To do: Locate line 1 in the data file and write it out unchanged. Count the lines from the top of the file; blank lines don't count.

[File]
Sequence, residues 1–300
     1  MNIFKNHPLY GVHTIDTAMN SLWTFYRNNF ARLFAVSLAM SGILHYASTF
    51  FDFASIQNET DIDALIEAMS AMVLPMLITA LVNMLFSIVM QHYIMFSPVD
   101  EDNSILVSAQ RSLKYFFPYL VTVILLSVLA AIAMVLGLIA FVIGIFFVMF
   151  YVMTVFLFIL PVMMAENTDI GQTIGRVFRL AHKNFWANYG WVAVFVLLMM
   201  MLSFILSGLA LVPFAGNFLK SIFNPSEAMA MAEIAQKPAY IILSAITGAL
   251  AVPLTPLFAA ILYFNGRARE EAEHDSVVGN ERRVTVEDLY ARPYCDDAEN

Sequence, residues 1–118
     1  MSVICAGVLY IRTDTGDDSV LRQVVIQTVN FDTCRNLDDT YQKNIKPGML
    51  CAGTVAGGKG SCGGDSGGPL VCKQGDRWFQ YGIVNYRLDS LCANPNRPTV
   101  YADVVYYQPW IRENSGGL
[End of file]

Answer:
Sequence, residues 1–300